quotes tagged with 'courts'

If the jury feels the law is unjust, we recognize the undisputed power of the jury to acquit, even if its verdict is contrary to the law as given by a judge, and contrary to the evidence and the courts must abide by that decision.

Author: US v Moylan, Source: 4th Circuit Court of Appeals, 1969, 417 F.2d at 1006Saved by ImaWriterIII in constitution judge right law jury courts unjust 9 years ago[save this] [permalink]

It is not the responsibility of the government or the legal system to protect a citizen from himself.

Author: Justice Casey Percell, Source: UnknownSaved by ImaWriterIII in liberty government freedom tyranny courts caseypercell 9 years ago[save this] [permalink]

I cannot subscribe to the omnipotence of a state legislature, or that it is absolute and without control; although its authority should not be expressly restrained by the Constitution, or fundamental law, of the state. The nature, and ends of legislative power will limit the exercise of it. This fundamental principle flows from the very nature of our free Republican governments, that no man should be compelled to do what the laws do not require, nor to refrain from acts which the laws permit. There are acts which the Federal, or State, Legislature cannot do, without exceeding their authority. There are certain vital principles in our free Republican governments, which will determine and overrule an apparent and flagrant abuse of legislative power; as to authorize manifest injustice by positive law; or to take away that security for personal liberty, or private property, for the protection whereof the government was established. An Act of the legislature (for I cannot call it a law) contrary to the great first principles of the social compact, cannot be considered a rightful exercise of legislative authority. The obligation of a law in governments established on express compact, and on republican principles, must be determined by the nature of the power, on which it is founded. A few instances will suffice to explain what I mean. A law that punishes a citizen for an innocent action, or, in other words, for an act, which, when done, was in violation of no existing law; a law that destroys, or impairs, the lawful private contracts of citizens; a law that makes a man a judge in his own cause; or a law that takes property from A and gives it to B. It is against all reason and justice for a people to intrust a Legislature with such powers; and, therefore, it cannot be presumed that they have done it. The genius, the nature and the spirit, of our State Government, amount to a prohibition of such acts of legislation; and the general principles of law and reason forbid them. The legislature may enjoin, permit, forbid, and punish; they may declare new crimes, and establish rules of conduct for all its citizens in future cases; they may command what is right, and prohibit what is wrong; but they cannot change innocence into guilt; or punish innocence as a crime; or violate the right of an antecedent lawful private contract; or the right of private property. To maintain that our Federal, or State, Legislature possesses such powers, if they had not been expressly restrained, would, in my opinion, be a political heresy altogether inadmissible in our free republican governments.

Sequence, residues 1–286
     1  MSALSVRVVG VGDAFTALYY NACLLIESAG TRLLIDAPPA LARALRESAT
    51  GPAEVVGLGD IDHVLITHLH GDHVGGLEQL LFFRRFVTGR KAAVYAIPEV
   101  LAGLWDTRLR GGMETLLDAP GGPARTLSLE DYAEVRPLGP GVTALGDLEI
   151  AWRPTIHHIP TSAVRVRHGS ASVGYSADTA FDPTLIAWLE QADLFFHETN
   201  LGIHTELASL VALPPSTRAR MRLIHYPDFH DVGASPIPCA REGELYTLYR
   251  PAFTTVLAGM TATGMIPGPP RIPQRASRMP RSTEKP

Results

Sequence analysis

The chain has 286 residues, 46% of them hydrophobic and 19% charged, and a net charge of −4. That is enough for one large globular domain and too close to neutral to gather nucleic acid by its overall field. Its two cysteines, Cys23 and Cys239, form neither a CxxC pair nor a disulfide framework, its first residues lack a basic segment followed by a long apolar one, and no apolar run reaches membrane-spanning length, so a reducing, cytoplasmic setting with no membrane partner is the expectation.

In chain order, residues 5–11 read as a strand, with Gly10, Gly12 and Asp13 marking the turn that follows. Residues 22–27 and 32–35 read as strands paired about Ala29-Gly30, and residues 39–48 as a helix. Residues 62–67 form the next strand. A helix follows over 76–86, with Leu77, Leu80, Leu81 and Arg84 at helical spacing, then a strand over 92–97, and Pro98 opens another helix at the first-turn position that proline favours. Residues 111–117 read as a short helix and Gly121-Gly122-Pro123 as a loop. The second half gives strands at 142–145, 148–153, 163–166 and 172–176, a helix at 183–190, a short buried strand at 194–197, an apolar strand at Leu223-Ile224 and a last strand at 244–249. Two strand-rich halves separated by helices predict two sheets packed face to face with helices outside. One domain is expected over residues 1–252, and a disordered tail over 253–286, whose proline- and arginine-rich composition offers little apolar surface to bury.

Author: Justice Chase, Source: opinion in Calder v. Bull, 3 Dallas 386-389 (1798).Saved by ImaWriterIII in constitution government legislature properroleofgovernment encroachment judges courtopinion courts 9 years ago[save this] [permalink]

The courts are not bound by mere forms, nor are they to be misled by mere pretences. They are at liberty indeed, are under a solemn duty to look at the substance of things, whenever they enter upon the inquiry whether the legislature has transcended the limits of its authority. If therefore, a statute purporting to have been enacted to protect the public health, the public morals, or the public safety, has no real or substantial relation to those objects, or is a palpable invasion of rights secured by the fundamental law, it is the duty of thye courts to so adjudge, and thereby give effect to the Constitution.

Author: Mugler v. Kansas, Source: Mugler v. Kansas, 123 U.S. 623, 661.Saved by ImaWriterIII in constitution government properroleofgovernment judges courtopinion courts 9 years ago[save this] [permalink]
What do we mean when we say that first of all we seek liberty? I often wonder whether we do not rest our hopes too much upon constitutions, upon laws, and upon courts. These are false hopes; believe me, these are false hopes. Liberty lies in the hearts of men and women; when it dies there, no constitution, no law, no court can save it; no constitution, no law, no court can even do much to help it. And what is this liberty which must lie in the hearts of men and women? It is not the ruthless, the unbridled will; it is not freedom to do as one likes. That is the denial of liberty, and leads straight to its overthrow. A society in which men recognize no check upon their freedom soon becomes a society where freedom is the possession of only a savage few; as we have learned to our sorrow.
Author: Billings Learned Hand, Source: P. 190, The Spirit of Liberty (1944)Saved by ImaWriterIII in liberty government freedom tyranny learnedhand unalienablerights courts constuttion 13 years ago[save this] [permalink]

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